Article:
On the protagonists’ side, we have the ever impressive Sir Anthony Hopkins (The Silence of the Lambs, The Mask of Zorro) as the venerable Professor Abraham Van Helsing.  Hopkins’ performance is quite lively and jovial, but overall powerful.  It’s a clever and endearing performance, and despite the character’s unorthodox, verbose style, he really makes himself a favorite.  He portrays a very interesting adversary for the immortal undead Count of Transylvania.  While Hopkins easily has the hero lead, you also have great talents such as Cary Elwes (The Princess Bride, Saw), Richard E. Grant (Warlock), and the female lead in Winona Ryder (Edward Scissorhands, A Scanner Darkly).  Winona does a fine job in this role which requires strength, fear, vulnerability, and simple beauty.  She’s the object of obsession for Count Dracula, and she is the woman he has renounced God for, and has forced himself into eternal damnation over.  All of these marvelous talents are well handled by the very seasoned Coppolla who is no stranger to star studded cast overflowing with sharp talent.

The score from Wojciech Kilar is absolutely awesome.  It’s practically operatic, and very dramatic stuff.  It’s grand, it’s powerful, and scary all at the same time.  It’s an absolute wonder to experience, and makes the film even better than it was.  This music is so haunting at times, and frankly, this is how a classic horror film should sound.  I can’t say anything negative about it because it makes the film so much larger than life.  It enhances everything on screen.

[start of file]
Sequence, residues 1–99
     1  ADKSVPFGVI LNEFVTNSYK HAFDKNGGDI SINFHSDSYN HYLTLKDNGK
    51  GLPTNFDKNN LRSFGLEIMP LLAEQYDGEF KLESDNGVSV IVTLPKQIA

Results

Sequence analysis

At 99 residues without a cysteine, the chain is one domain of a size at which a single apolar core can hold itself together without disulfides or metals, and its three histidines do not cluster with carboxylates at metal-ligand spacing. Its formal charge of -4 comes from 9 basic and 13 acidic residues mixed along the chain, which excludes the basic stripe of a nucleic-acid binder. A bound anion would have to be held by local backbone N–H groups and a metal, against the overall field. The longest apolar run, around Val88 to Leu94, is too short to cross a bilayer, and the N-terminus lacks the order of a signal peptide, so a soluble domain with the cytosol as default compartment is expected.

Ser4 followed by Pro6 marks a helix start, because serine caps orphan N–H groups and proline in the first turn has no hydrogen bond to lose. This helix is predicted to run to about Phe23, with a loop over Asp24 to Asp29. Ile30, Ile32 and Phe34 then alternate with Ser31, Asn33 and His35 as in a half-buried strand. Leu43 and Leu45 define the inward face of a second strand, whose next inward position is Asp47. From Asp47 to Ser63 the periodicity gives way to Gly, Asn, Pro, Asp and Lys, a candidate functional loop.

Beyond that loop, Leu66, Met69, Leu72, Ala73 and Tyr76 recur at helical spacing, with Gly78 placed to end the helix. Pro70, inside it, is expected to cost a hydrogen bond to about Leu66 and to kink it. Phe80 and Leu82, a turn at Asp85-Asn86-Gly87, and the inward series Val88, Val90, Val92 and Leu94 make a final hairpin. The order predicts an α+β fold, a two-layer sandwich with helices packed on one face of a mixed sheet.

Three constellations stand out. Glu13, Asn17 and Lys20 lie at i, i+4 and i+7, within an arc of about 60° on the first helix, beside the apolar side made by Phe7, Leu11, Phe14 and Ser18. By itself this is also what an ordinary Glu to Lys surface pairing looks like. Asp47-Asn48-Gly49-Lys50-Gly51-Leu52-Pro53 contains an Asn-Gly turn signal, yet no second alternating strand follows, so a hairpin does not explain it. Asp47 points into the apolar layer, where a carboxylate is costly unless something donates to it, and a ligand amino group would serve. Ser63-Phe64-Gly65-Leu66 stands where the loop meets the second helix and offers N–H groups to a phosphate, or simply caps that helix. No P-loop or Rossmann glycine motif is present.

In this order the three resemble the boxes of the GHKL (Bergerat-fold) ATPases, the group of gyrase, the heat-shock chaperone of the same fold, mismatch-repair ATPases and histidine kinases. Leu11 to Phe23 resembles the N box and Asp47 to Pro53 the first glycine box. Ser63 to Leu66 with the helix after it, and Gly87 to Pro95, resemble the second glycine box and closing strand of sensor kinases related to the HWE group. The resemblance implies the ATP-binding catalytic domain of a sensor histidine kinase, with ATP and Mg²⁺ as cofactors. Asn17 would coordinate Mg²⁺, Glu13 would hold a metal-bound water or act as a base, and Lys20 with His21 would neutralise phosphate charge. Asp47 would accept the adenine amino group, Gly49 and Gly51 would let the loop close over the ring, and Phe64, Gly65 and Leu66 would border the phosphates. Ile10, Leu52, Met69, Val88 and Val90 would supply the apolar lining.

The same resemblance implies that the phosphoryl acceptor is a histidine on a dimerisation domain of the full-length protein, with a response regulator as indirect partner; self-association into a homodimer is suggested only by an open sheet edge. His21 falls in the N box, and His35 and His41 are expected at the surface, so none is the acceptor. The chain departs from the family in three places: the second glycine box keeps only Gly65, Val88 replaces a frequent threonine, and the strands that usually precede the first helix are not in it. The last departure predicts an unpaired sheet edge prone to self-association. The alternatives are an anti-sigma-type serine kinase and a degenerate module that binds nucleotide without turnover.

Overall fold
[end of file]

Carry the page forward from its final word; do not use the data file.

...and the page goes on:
The costume design is as intricate and detailed as you would imagine.  It has depth and character to it as well as grace, and in other parts, a very strange appeal.  Oldman’s wardrobe is especially impressive and has become iconic.  Every character is aided and enhanced by their wardrobe, and it helps breath further life into the picture.  In addition to the fantastically exhaustive production design work, it gives the picture a sense of texture, personality, and history.

All in all, every part of this film makes it live and pulsate with power.  Aside from Keanu, all the performances are masterful, the makeup effects are absolutely amazing, and I challenge you to find a more intense classic horror film score than this one!  Overall, this is one solid, taut, and frightening film from a master filmmaker in Francis Ford Coppolla.  If you’re looking for a genuinely scary, haunting, and chilling horror film – you absolutely cannot go wrong here.  Frankly, I do not have the knowledge to compare this to every other Dracula film that’s come around, but general consensus has left this fine film with a strong reputation that has endured.  I am glad to contribute to that with a solid endorsement for Bram Stoker’s Dracula.